The Four Modalities of Temporality and the Problem of Shame
By Murray Stein
The psychological connection between temporality and shame is not a simple matter, to say the least, especially when one takes the unconscious into account. First of all, the topic of temporality is complex, and the link to shame is therefore also more than a simple registering of shameful things done present and past. Hinton cites Serres as speaking of temporality as a “folded and crumpled handkerchief” (Hinton,365). In this handkerchief, we inevitably find the stains of shame. In this essay, I would like to unfold and iron out this crumpled piece of fabric somewhat and try to look at the threads that go into its construction and see how and when shame enters into its weave and possibly how the problem of shame may be resolved.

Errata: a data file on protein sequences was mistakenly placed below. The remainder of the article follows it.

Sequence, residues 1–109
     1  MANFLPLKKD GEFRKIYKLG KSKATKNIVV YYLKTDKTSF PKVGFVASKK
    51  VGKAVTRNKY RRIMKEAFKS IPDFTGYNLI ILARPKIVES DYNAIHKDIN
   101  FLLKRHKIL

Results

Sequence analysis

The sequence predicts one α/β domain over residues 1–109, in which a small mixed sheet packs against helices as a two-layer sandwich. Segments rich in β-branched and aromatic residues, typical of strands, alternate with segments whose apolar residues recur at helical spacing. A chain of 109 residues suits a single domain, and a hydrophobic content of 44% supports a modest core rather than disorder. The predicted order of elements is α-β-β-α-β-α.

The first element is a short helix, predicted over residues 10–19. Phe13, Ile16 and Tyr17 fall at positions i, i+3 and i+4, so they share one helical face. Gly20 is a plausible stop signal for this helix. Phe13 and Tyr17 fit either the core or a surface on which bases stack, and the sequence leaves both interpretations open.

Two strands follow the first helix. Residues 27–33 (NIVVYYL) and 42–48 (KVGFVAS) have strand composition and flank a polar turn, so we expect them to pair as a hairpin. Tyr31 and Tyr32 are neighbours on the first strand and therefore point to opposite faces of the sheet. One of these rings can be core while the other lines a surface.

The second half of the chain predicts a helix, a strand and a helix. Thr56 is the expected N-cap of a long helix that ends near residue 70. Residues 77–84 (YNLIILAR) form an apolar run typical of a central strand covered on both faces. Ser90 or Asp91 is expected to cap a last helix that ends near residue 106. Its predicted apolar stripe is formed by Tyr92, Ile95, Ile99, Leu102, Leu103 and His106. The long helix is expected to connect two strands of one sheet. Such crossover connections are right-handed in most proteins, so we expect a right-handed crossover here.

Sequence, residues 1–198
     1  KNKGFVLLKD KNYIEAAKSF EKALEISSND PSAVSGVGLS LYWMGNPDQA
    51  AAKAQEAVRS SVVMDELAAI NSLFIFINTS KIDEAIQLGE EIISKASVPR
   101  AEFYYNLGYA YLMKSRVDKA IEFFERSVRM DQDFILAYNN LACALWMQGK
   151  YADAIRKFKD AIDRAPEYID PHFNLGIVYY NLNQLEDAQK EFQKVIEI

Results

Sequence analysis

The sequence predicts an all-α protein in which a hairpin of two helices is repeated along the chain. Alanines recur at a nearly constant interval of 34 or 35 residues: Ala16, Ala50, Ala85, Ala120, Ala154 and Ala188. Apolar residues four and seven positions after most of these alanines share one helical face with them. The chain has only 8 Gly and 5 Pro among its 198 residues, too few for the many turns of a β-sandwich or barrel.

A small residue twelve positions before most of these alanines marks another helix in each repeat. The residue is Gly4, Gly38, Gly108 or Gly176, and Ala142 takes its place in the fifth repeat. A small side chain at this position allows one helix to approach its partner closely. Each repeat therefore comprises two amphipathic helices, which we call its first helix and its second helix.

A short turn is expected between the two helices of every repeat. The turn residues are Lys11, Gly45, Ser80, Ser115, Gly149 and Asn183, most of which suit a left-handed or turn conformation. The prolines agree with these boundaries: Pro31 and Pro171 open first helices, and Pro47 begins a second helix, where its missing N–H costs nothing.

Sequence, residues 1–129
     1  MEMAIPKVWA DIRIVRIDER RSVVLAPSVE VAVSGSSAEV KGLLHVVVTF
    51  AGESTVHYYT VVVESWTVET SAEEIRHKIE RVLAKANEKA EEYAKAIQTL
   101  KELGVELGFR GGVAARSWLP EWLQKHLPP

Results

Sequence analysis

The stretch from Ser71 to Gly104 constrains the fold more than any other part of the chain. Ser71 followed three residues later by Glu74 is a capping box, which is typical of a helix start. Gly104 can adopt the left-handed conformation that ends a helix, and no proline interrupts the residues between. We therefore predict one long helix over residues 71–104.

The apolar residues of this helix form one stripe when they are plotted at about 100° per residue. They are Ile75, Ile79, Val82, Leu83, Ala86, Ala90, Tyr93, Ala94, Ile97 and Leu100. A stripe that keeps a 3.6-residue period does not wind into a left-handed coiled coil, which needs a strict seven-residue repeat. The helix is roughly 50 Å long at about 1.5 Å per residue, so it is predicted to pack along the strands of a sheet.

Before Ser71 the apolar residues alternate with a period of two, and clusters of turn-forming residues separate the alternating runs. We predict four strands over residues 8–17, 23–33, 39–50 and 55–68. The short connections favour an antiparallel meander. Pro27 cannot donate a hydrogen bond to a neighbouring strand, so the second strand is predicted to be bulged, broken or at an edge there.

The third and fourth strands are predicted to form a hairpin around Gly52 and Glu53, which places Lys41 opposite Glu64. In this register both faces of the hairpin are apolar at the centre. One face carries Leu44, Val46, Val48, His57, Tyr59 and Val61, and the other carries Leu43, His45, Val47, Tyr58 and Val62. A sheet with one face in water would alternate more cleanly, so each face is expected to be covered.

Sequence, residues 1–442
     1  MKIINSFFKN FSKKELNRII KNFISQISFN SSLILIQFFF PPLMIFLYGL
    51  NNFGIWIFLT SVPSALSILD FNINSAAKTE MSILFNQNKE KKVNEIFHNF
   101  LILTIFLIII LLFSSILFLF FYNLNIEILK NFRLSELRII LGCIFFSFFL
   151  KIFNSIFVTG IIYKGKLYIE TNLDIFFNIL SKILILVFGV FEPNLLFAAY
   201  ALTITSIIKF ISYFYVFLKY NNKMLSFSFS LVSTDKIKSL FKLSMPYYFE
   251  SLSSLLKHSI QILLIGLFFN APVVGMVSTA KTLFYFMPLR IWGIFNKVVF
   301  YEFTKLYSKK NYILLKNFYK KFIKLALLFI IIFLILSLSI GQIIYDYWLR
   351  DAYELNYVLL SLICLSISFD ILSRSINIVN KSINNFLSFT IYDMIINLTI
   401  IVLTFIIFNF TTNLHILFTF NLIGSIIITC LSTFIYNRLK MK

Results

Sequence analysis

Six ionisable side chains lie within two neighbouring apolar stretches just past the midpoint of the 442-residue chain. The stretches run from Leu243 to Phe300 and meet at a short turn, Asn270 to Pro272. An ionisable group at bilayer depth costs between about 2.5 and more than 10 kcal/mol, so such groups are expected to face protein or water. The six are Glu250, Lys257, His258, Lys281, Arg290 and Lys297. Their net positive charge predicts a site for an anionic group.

Yiassemides begins her study of time and timelessness with the sentence: “Time is an extremely obscure concept,” and quotes the Mad Hatter from Lewis Carroll’s Alice’s Adventures in Wonderland: “If you knew Time as well as I do… you wouldn’t talk about… it. It’s him” (Yiassemides, p. xiii). Already we have two metaphors for time: handkerchief and Father Time. Others could be added, such as the great archetypal images of river (or snake), procession (or train) and wheel (von Franz, p.136). Each metaphor offers a perspective on the human experience of temporality. My approach will be more analytical and abstract, however, and will not attempt to answer the question of what temporality is but rather suggest four modalities. Together they can be seen to make up the totality of experiences of temporality in human consciousness.